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a-linolenic acid metabolism in adult humans: the effects of gender and age on conversation to longer chain polyunsaturated fatty acids

a-linolenic acid metabolism in adult humans: the effects of gender and age on conversation to longer chain polyunsaturated fatty acids
a-linolenic acid metabolism in adult humans: the effects of gender and age on conversation to longer chain polyunsaturated fatty acids
This review summarises and evaluates current knowledge of -linolenic acid (LNA) metabolism in adult humans. The principal biological role of LNA appears to be as a precursor for the synthesis of longer-chain n-3 polyunsaturated fatty acids (PUFA). Stable isotope tracer studies indicate that conversion of LNA to eicosapentaenoic acid (EPA) occurs but is limited in men and that further transformation to docosahexaenoic acid (DHA) is very low. A lower proportion of LNA is used for -oxidation in women compared with men, while the fractional conversion to the longer-chain n-3 PUFA is greater, possibly due to the regulatory effects of oestrogen. Increasing LNA intake for a period of weeks results in an increase in the proportion of EPA in plasma lipids, circulating cells and breast milk, but there is no increase in DHA, which may even decline in some pools at high LNA intakes. Overall, LNA appears to be a limited source of longer-chain n-3 PUFA in man, and so adequate intakes of preformed long-chain n-3 PUFA, in particular DHA, may be important for maintaining optimal tissue function. The capacity to up-regulate LNA transformation in women may be important for meeting the demands of the foetus and neonate for DHA.
n-3 Polyunsaturated fatty acids, humans, ?-linolenic acid, gender, age
1438-7697
426-439
Burdge, Graham C.
09d60a07-8ca1-4351-9bf1-de6ffcfb2159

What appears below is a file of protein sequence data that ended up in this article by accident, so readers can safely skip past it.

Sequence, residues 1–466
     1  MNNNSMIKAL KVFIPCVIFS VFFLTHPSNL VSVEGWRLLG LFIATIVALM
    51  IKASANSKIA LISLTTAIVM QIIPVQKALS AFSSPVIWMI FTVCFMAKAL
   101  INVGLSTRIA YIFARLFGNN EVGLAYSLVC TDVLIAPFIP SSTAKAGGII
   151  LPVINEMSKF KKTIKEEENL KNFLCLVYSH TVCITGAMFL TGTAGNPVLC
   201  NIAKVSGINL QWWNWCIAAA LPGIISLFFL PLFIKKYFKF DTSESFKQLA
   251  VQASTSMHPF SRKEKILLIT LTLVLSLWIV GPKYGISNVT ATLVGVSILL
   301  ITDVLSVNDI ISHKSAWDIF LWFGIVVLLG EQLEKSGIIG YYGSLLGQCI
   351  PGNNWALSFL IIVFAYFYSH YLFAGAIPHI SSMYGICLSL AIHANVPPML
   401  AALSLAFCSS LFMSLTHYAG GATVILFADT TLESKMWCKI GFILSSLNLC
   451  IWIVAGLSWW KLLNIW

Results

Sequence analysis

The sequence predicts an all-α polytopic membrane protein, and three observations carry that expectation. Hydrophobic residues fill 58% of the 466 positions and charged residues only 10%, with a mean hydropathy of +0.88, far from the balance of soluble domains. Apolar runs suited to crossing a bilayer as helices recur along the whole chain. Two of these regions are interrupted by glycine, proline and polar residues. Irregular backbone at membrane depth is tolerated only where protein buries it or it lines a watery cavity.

Calder, Philip C.
1797e54f-378e-4dcb-80a4-3e30018f07a6
Burdge, Graham C.
09d60a07-8ca1-4351-9bf1-de6ffcfb2159
Calder, Philip C.
1797e54f-378e-4dcb-80a4-3e30018f07a6

Burdge, Graham C. and Calder, Philip C. (2005) a-linolenic acid metabolism in adult humans: the effects of gender and age on conversation to longer chain polyunsaturated fatty acids. European Journal of Lipid Science and Technology, 107 (6), 426-439. (doi:10.1002/ejlt.200501145).

Record type: Article

Abstract

This review summarises and evaluates current knowledge of -linolenic acid (LNA) metabolism in adult humans. The principal biological role of LNA appears to be as a precursor for the synthesis of longer-chain n-3 polyunsaturated fatty acids (PUFA). Stable isotope tracer studies indicate that conversion of LNA to eicosapentaenoic acid (EPA) occurs but is limited in men and that further transformation to docosahexaenoic acid (DHA) is very low. A lower proportion of LNA is used for -oxidation in women compared with men, while the fractional conversion to the longer-chain n-3 PUFA is greater, possibly due to the regulatory effects of oestrogen. Increasing LNA intake for a period of weeks results in an increase in the proportion of EPA in plasma lipids, circulating cells and breast milk, but there is no increase in DHA, which may even decline in some pools at high LNA intakes. Overall, LNA appears to be a limited source of longer-chain n-3 PUFA in man, and so adequate intakes of preformed long-chain n-3 PUFA, in particular DHA, may be important for maintaining optimal tissue function. The capacity to up-regulate LNA transformation in women may be important for meeting the demands of the foetus and neonate for DHA.

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More information

Published date: 2005
Additional Information: ISI:000230242900009
Keywords: n-3 Polyunsaturated fatty acids, humans, ?-linolenic acid, gender, age
Organisations: Dev Origins of Health & Disease

Identifiers

Local EPrints ID: 152653
URI: https://eprints.soton.ac.uk/id/eprint/152653
ISSN: 1438-7697
PURE UUID: 32690554-5349-4343-a894-70d4b0f613cd
ORCID for Graham C. Burdge: ORCID iD orcid.org/0000-0002-7665-2967

Catalogue record

Date deposited: 30 Jun 2010 14:46
Last modified: 06 Jun 2018 13:11

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